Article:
Listen to this morning’s Scripture song – Psalm 18:3 & 46
Read the “1030 Evening and Morning“ devotion for today, by the late Charles Haddon Spurgeon.
“But he, willing to justify himself, said unto Jesus, And who is my neighbour?” (Luke 10:29)
In our reading passage today there are so many wonderful truths that we could meditate on, but I have decided to consider the “Good Samaritan” passage found in Luke 10:25 – 37. The actual story of the good Samaritan was actually an illustration used by the Lord Jesus in His discussion with a lawyer who had tempted Him with the question, “Master, what shall I do to inherit eternal life?” As Jesus often did, He replied with a question of His own: He asks the man what His understanding of the Law taught regarding the subject. Now remember, this guy was “tempting” Jesus, he was not sincerely inquiring about going to Heaven, and he was also a lawyer, an expert in the Law. Notice the man’s reply, which was pulled from two Old Testament passages (Deuteronomy 6:5 and Leviticus 19:18):
“And he answering said, Thou shalt love the Lord thy God with all thy heart, and with all thy soul, and with all thy strength, and with all thy mind; and thy neighbour as thyself.” (Luke 10:27)
I guess this lawyer thought that he was impressing Jesus with his knowledge of the Law. Jesus replied that the man had answered well. He told the man that if He could perfectly love God and perfectly love his neighbor, both of which are impossible, then He could go to Heaven. The men then asks a question to clarify the definition of a neighbor. “Who is my neighbor?” That’s a good question. No doubt the lawyer would consider his neighbors to be only those from within the nation of Israel.
Jesus then tells the story about the good Samaritan who comes across a man from Israel who had been beaten and robbed; and then passed by by two upstanding, “Law” abiding citizens (neighbors), who could have and should have helped him, but didn’t. I guess they weren’t feeling neighborly that day. But along comes the Samaritan who although he was not an upstanding member of the Jewish community acted like a neighbor should by helping the man. By the way, this good Samaritan is a type of the Lord Jesus Christ who was willing to help some undesirable people like us.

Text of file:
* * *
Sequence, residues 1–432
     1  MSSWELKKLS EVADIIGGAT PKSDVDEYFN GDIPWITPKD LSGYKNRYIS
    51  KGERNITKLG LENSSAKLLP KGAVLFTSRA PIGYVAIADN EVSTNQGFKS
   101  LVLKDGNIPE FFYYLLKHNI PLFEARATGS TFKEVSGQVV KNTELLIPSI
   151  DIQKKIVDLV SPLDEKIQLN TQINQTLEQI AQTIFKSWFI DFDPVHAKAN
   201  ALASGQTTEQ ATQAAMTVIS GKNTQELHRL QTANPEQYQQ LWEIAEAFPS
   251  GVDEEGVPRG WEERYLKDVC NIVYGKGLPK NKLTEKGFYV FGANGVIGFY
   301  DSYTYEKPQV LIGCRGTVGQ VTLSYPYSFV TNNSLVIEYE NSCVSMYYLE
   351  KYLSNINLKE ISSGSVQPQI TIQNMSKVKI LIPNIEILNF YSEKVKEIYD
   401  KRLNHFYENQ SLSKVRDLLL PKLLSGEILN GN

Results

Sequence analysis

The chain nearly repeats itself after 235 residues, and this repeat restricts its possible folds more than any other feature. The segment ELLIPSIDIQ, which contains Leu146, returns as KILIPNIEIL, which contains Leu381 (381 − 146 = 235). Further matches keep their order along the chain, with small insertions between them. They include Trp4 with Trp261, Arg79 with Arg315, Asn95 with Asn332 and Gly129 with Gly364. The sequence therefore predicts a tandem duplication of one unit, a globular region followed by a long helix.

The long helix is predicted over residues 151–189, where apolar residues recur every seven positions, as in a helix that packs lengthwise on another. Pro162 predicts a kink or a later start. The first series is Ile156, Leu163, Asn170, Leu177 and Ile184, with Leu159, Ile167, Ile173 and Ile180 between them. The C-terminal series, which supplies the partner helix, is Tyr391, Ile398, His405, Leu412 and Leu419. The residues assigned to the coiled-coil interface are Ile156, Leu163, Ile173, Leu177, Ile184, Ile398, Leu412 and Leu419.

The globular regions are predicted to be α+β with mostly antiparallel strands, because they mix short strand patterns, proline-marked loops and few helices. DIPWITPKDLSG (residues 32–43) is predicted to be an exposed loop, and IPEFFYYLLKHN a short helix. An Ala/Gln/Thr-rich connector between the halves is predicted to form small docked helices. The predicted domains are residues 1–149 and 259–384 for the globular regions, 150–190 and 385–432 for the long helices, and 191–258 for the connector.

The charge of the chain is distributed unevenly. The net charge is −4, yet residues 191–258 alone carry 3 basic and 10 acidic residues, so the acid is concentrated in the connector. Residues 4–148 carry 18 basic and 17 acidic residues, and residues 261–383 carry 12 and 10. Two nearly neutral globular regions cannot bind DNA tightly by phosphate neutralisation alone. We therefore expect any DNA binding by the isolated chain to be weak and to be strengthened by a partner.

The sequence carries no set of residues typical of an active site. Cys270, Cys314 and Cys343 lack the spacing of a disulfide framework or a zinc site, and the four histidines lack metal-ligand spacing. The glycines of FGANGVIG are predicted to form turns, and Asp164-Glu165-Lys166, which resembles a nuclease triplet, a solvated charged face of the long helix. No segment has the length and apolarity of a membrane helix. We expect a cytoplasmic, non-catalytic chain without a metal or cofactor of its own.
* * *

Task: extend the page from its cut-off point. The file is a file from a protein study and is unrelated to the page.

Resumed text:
Jesus’ story of the Samaritan explained to this lawyer that the word “neighbor” means everybody, not just the people you like. Remember what He said in the Sermon on the Mount:
“Ye have heard that it hath been said, Thou shalt love thy neighbour, and hate thine enemy. But I say unto you, Love your enemies, bless them that curse you, do good to them that hate you, and pray for them which despitefully use you, and persecute you; That ye may be the children of your Father which is in heaven: for he maketh his sun to rise on the evil and on the good, and sendeth rain on the just and on the unjust. For if ye love them which love you, what reward have ye? do not even the publicans the same? And if ye salute your brethren only, what do ye more than others? do not even the publicans so?” (Matthew 5:43-47)
By the way, Jesus was not teaching this man that if he would do these things that he would be saved, but rather he was proving to the man that he had already missed the mark, and that he was a long way away from being able to “justify himself” as he tried to do in Luke 10:29. But Jesus also let us know from this passage that our field of ministry includes all people, everywhere; not just a select few.
Have you loved a neighbor today? Think about some tangible way that you can demonstrate the love of Christ to someone today. You may just get the opportunity to share the gospel with them as well.
Posted in Thoughts from Luke by Phil Erickson with no comments yet.